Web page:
Infrastructure conglomerate Adani Group may opt out of the proposed $21.5-billion railroad-cum-mine project in Australia's Queensland province amid a series of legal challenges from environmental groups against the project.
The company's founder and chairman Gautam Adani told The Australian newspaper that the ''pit to plug'' project was yet to receive the green light after six years of environmental assessments and court battles.
''You can't continue just holding. I have been really disappointed that things have got too delayed,'' Adani said.
He said, he hoped the court challenges to Australia's largest proposed coal mine would end by early 2017. However, he added that with one court case yet to be heard in the Federal Court, and at least two groups threatening high court action, the wait could be indefinite.
Adani had planned to export coal to India to feed his power plants, but has now decided to look for alternatives.
Adani had confronted Australian Prime Minister Malcom Turnbull in December 2015 to have greater certainty on such projects. He said, ''We were suggesting how to bring in the certainty of the timing.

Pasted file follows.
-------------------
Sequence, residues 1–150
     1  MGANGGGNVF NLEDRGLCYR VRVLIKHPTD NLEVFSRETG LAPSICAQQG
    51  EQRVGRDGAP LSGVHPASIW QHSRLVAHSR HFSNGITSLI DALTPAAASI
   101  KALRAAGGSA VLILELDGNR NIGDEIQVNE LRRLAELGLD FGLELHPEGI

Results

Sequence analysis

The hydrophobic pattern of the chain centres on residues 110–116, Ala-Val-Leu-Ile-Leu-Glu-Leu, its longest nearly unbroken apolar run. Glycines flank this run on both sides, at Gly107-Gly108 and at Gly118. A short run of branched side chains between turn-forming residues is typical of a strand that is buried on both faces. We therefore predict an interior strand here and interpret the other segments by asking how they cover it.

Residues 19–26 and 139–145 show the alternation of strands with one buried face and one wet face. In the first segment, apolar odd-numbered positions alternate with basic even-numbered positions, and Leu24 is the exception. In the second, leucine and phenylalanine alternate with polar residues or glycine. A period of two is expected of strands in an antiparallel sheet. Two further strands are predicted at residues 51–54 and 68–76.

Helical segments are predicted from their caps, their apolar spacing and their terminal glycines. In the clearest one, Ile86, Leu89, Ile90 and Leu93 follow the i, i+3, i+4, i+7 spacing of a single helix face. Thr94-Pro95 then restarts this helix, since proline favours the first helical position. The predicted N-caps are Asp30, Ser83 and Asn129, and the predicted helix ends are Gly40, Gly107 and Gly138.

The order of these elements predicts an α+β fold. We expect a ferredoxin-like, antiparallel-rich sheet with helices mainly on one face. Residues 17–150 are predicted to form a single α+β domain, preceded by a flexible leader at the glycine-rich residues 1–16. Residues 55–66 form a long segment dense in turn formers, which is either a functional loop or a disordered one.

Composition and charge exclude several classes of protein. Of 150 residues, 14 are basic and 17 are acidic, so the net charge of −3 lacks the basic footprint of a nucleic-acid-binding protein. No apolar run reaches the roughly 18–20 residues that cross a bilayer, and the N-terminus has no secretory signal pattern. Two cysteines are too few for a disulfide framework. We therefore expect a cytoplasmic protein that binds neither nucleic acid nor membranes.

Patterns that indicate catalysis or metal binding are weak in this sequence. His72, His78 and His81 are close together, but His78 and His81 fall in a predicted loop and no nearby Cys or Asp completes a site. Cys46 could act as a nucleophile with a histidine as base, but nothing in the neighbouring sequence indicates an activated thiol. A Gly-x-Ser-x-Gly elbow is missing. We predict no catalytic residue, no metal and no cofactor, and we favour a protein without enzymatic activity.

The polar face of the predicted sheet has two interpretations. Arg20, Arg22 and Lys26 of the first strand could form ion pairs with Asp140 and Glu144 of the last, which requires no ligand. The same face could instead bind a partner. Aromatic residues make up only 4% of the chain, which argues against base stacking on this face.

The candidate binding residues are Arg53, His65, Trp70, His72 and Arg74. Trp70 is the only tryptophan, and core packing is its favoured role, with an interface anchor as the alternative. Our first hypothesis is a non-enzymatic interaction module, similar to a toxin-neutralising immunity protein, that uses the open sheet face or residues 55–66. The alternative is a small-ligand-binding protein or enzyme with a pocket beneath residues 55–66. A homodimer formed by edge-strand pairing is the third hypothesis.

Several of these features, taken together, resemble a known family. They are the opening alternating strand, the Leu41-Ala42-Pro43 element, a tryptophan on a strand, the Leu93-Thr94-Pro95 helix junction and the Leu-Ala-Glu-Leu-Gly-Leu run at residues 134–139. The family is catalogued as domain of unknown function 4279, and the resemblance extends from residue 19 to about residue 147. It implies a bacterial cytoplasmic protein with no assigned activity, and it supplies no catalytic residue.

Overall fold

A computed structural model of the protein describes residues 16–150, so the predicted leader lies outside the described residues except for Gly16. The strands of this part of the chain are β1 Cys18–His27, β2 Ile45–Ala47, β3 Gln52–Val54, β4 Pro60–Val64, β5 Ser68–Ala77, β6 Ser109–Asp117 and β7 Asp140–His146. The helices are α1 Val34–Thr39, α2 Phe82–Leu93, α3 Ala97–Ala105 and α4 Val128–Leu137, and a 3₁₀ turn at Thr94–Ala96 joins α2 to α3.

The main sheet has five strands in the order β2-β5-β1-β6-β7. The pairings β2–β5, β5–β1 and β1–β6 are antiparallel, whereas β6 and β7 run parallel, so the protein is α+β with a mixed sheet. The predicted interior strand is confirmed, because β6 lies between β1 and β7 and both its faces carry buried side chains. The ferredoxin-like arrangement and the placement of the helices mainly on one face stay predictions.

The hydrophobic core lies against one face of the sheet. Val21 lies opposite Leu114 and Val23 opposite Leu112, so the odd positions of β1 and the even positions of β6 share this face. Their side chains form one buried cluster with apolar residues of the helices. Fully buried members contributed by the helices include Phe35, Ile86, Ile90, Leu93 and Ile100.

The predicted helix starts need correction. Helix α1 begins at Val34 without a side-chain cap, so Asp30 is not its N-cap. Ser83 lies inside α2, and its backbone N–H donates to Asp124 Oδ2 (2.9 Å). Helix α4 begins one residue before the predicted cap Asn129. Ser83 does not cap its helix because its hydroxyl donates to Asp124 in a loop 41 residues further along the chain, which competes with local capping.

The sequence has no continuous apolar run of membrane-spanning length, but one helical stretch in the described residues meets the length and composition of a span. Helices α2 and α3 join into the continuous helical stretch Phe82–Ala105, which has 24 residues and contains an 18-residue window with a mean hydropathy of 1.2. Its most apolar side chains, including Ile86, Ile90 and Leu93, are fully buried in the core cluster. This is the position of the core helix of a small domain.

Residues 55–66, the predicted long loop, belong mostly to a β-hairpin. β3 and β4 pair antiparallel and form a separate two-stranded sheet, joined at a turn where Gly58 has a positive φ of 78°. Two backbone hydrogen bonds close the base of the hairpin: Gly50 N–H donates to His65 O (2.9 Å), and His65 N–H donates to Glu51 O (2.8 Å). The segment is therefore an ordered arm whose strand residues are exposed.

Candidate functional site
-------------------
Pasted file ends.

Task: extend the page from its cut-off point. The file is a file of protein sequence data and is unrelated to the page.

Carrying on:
''We were asking how we get certainty of the time schedules... that is the most important for us in committing all of our resources.''
''It's just covering up the real fact that what is damaging the reef is an increase in the temperature of the seas through climate change,'' he said.
The new Labour government of Queensland has filed a fresh case in the Australian federal court against the mining lease for Carmichael, which will be heard this year.
Adani said he had originally expected the approval process to get over in two to three years, adding that it is now six years and that he has already spent $3 billion buying the tenements and the Abbot Point port lease.
While there is no finance available now, Adani hopes that with environmental clearance, the company would still be able to explore finances for the project.
If there are no more unexpected delays, Adani said he has confidence that the project would get financing and ''still be competitive'' against other alternative sources of coal in India and Indonesia.
Adani Australia chief executive Jeyakumar Janakaraj said the co-ordinated campaign by anti-coal activists to block the mine had damaged investor confidence in Australia.
He said the business community had expressed concern about future investment in Australia. ''I think it has already turned off a lot of switches. I am not saying it is going to be permanent, but there has been damage.''
Prime Minister Turnbull's office did not comment on Adani's call for greater certainty to the approvals process.
The federal government claims to have cleared the project, bur court cases and environmental issues would remain as obstacles to the project.